Robbie sat on a small reed mat on the ground, his back propped against the base of a date palm tree. He ate a handful of dates and took small sips of water from a plastic Evian bottle. The sun scorched the earth almost everywhere else in this Godforsaken country, but right here in the Al Hawizeh Marshes life was lush and fecund, the river teeming with otter and minnows, and date palms lining the banks. An auger lay next to him and a cylindrical shaped mass of soil next to the auger.
Robbie analyzed the soil column against the Munsell Soil Color Chart and noted the lengths of the A, O and C horizons indicative of a hydric soil in his book. He squinted against the harsh sun and scanned the horizon.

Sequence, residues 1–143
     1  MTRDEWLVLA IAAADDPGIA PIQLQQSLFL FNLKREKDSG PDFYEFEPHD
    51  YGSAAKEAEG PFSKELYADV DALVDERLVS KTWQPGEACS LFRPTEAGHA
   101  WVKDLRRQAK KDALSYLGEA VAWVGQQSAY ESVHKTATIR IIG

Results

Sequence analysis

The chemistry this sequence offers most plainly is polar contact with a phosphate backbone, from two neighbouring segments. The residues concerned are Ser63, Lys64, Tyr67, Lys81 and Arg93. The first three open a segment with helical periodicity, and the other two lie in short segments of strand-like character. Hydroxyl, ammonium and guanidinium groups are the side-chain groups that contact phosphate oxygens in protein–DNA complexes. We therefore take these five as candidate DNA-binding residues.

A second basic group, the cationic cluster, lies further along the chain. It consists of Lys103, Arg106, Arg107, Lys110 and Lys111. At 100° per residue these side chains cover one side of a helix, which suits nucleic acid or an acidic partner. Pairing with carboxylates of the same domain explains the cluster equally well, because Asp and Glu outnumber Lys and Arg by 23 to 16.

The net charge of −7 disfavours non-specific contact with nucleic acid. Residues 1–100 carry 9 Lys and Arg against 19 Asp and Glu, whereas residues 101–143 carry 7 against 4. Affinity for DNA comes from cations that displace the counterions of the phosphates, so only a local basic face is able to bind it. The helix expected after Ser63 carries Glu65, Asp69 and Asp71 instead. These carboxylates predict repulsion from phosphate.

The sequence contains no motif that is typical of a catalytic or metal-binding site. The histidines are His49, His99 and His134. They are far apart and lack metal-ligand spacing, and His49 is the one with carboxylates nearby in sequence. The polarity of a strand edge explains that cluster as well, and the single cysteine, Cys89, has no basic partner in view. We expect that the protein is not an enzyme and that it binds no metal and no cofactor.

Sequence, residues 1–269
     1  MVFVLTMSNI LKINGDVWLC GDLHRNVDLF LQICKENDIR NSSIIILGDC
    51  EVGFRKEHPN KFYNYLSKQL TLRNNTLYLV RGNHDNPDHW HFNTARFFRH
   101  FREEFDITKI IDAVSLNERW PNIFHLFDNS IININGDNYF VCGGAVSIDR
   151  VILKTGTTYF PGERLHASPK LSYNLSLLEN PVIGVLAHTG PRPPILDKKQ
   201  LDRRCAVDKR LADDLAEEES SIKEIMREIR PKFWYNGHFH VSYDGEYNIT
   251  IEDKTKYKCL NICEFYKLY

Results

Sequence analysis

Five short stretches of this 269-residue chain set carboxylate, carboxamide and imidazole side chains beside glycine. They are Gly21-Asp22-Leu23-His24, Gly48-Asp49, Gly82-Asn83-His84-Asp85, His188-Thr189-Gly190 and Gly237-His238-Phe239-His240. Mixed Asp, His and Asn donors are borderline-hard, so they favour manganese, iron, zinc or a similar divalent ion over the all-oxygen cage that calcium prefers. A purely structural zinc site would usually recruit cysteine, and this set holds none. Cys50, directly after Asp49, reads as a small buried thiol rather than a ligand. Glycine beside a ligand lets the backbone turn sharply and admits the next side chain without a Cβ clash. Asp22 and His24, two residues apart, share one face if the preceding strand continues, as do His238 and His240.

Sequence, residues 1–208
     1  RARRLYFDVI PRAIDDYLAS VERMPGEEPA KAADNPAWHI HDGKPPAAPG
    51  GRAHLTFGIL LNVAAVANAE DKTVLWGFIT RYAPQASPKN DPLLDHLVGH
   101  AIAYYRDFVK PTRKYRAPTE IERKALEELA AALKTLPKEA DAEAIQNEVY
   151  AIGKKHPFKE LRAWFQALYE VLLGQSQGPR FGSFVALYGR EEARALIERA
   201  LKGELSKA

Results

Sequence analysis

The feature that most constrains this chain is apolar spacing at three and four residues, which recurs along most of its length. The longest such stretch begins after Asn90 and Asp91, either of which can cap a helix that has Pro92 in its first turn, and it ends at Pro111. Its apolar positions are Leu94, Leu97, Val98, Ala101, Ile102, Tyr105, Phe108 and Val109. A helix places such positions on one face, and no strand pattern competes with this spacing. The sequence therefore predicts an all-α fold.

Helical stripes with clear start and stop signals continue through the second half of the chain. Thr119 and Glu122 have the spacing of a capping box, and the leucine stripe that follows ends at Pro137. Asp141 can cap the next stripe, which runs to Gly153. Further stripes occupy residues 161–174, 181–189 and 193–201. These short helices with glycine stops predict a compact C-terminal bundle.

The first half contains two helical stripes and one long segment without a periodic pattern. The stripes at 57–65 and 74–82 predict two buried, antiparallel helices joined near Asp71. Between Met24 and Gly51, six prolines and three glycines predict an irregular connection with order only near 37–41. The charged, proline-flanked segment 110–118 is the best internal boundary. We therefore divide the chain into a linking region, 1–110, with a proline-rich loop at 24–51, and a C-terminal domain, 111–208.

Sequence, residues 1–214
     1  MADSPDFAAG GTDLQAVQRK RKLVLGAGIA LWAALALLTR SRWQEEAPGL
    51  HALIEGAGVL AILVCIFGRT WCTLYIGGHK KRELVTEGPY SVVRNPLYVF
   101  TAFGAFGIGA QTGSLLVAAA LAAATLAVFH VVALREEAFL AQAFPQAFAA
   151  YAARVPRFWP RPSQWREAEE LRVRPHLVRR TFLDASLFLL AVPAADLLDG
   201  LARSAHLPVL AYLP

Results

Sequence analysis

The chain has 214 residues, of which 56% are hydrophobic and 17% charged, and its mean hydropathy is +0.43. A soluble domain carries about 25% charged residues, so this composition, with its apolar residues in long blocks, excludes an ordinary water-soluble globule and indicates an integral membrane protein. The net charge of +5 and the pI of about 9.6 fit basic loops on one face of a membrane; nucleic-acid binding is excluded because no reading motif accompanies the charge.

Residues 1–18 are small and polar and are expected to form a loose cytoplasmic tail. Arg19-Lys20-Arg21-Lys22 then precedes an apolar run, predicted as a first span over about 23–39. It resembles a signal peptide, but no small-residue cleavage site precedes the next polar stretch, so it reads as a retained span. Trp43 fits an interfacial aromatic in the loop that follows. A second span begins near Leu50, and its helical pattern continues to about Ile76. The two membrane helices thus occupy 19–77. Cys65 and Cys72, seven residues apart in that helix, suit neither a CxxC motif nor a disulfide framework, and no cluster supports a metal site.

Something small and swift approached, a mashuf with a single occupant, poling the boat through the marsh water: plant, pull, plant, pull, no struggle, no rush, just a sense of purpose with each movement. A light breeze blew across Robbie’s face and he raised his nose to sniff the air. The figure was closer now and he stood to get a better look. A woman. She didn’t wear the abayas, the traditional black head-to-toe coverings of the Iraqi women, but the garb of a western university student: jeans and a t-shirt. He hesitated a moment before sitting back down. The way the military came through this place, one could never be too careful. But the military wouldn’t send a civilian or even an officer out of uniform to arrest him. It was probably somebody from Eden Again coming to help him take soil samples.